Wednesday, 4 May 2011

NASA's Top Ten House Plants for Improving Indoor Air Quality

If you suspect that you may be living or working in a place with Sick Building Syndrome installing house plants could help.

A study by NASA and the Associated Landscape Contractors of America (ALCA) in the 1980's  concluded that common houseplants like spider plants not only make indoor spaces more attractive, they also help to purify the air.

NASA and ALCA spent two years testing 19 different common houseplants for their ability to remove  common pollutants from the air. They primarily tested for the removal of Formaldehyde, Benzene, and Trichloroethylene. Formaldehyde is used in many building materials including particle board and foam insulations. Additionally, many cleaning products contain this chemical. Benzene is a common solvent found in oils and paints. Trichloroethylene is used in paints, adhesives, inks, and varnishes.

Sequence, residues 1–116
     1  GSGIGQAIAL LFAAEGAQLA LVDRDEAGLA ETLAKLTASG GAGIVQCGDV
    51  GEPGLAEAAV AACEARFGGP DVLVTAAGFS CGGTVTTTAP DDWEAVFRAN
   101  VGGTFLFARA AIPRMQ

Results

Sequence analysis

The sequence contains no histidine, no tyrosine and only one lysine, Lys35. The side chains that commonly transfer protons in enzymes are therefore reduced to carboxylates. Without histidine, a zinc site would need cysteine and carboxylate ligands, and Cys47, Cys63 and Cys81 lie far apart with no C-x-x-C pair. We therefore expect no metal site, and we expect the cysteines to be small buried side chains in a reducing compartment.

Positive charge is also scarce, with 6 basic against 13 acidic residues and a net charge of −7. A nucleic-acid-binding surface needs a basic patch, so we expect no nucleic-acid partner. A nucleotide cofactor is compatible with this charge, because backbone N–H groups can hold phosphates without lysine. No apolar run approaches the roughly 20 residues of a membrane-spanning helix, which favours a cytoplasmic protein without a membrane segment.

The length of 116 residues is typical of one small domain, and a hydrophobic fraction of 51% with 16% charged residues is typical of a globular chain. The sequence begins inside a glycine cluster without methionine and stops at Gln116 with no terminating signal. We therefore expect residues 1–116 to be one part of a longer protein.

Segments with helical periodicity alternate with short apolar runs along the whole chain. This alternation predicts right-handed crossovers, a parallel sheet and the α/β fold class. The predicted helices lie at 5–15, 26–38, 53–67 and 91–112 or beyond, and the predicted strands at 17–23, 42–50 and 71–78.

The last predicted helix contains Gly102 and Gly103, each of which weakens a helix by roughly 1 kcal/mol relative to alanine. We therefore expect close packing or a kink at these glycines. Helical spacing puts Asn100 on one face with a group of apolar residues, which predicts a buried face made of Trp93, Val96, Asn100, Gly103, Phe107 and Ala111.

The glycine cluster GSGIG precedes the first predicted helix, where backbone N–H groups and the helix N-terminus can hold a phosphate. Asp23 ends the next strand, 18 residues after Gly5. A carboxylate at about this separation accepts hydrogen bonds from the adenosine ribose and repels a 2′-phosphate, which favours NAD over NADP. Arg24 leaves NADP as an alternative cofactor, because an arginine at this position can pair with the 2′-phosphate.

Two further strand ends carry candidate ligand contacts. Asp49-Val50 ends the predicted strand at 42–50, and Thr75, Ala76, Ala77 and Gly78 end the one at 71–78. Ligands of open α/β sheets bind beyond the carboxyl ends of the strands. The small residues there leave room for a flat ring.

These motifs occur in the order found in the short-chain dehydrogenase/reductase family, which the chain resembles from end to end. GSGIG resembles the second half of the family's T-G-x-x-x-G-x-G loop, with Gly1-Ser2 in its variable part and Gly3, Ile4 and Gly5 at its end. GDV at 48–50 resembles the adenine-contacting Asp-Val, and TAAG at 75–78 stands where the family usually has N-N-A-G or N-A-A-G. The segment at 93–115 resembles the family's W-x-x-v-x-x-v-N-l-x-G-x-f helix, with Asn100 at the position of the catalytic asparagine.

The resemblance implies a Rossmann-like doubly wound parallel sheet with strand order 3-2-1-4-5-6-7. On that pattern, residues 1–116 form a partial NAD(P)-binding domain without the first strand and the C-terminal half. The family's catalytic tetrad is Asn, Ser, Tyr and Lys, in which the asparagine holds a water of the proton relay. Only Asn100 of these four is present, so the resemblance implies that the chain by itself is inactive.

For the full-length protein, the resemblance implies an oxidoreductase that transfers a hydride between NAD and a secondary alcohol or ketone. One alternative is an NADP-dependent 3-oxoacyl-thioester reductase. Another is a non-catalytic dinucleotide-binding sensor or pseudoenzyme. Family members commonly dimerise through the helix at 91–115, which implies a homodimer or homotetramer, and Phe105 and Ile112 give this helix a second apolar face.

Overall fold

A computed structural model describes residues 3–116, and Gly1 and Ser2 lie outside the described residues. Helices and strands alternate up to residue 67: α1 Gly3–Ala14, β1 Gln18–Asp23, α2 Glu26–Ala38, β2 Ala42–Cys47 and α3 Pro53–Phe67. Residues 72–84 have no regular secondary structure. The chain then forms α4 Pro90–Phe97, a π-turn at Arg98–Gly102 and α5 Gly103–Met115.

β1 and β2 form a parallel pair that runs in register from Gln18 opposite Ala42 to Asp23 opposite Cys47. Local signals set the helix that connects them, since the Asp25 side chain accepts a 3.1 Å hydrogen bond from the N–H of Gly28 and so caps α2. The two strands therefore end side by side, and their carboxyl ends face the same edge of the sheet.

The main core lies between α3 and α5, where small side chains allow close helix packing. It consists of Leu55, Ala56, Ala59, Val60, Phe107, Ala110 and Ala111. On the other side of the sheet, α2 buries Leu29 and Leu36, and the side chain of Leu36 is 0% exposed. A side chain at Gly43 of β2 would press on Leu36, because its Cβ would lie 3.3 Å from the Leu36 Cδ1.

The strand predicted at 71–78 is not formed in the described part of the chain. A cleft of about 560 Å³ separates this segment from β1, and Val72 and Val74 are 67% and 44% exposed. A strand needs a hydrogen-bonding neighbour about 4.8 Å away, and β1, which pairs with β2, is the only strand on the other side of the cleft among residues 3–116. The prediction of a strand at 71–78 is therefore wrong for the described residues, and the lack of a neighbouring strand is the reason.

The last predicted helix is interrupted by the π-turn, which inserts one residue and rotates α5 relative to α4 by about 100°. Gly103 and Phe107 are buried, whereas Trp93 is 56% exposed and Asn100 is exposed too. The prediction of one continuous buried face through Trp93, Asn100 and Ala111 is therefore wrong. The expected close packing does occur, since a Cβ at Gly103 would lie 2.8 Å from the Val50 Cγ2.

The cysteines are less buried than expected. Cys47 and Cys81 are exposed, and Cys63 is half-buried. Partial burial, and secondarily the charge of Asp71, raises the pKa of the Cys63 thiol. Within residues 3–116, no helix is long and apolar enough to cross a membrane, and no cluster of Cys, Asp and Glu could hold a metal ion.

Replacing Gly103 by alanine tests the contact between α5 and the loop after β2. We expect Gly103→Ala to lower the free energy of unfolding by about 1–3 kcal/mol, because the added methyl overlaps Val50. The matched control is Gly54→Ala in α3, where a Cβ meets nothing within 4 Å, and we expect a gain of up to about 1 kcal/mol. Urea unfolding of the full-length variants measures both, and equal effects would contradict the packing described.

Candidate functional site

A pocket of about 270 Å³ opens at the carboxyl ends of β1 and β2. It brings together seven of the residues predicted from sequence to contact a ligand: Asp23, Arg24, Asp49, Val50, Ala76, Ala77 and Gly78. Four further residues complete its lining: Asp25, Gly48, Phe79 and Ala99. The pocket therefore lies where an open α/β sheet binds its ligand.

NASA found that some of the plants were better than others for absorbing these common pollutants, here is

The NASA Top 10 Houseplants for Improving Indoor Air Quality:

1. Philodendron scandens `oxycardium', heartleaf philodendron
2. Philodendron domesticum, elephant ear philodendron
3. Dracaena fragrans `Massangeana', cornstalk dracaena
4. Hedera helix, English ivy
5. Chlorophytum comosum, spider plant
6. Dracaena deremensis `Janet Craig', Janet Craig dracaena
7. Dracaena deremensis `Warneckii', Warneck dracaena
8. Ficus benjamina, weeping fig
9. Epipiremnum aureum, golden pothos
10. Spathiphyllum `Mauna Loa', peace lily
11. Philodendron selloum, selloum philodendron
12. Aglaonema modestum, Chinese evergreen
13. Chamaedorea sefritzii, bamboo or reed palm
14. Sansevieria trifasciata, snake plant
15. Dracaena marginata , red-edged dracaena

The study recommended using at least fifteen samples of a good variety of these common houseplants grown in six inch containers or larger to help improve air quality.

Sick Building Syndrome can cause the following symptoms:

Tiredness & lethargy
Headaches - dull or pressure type
Dry itchy skin
Coughing, shortness of breath, wheezing
Ear, nose and throat irritations

(If you have any major health concerns you should consult your Doctor)

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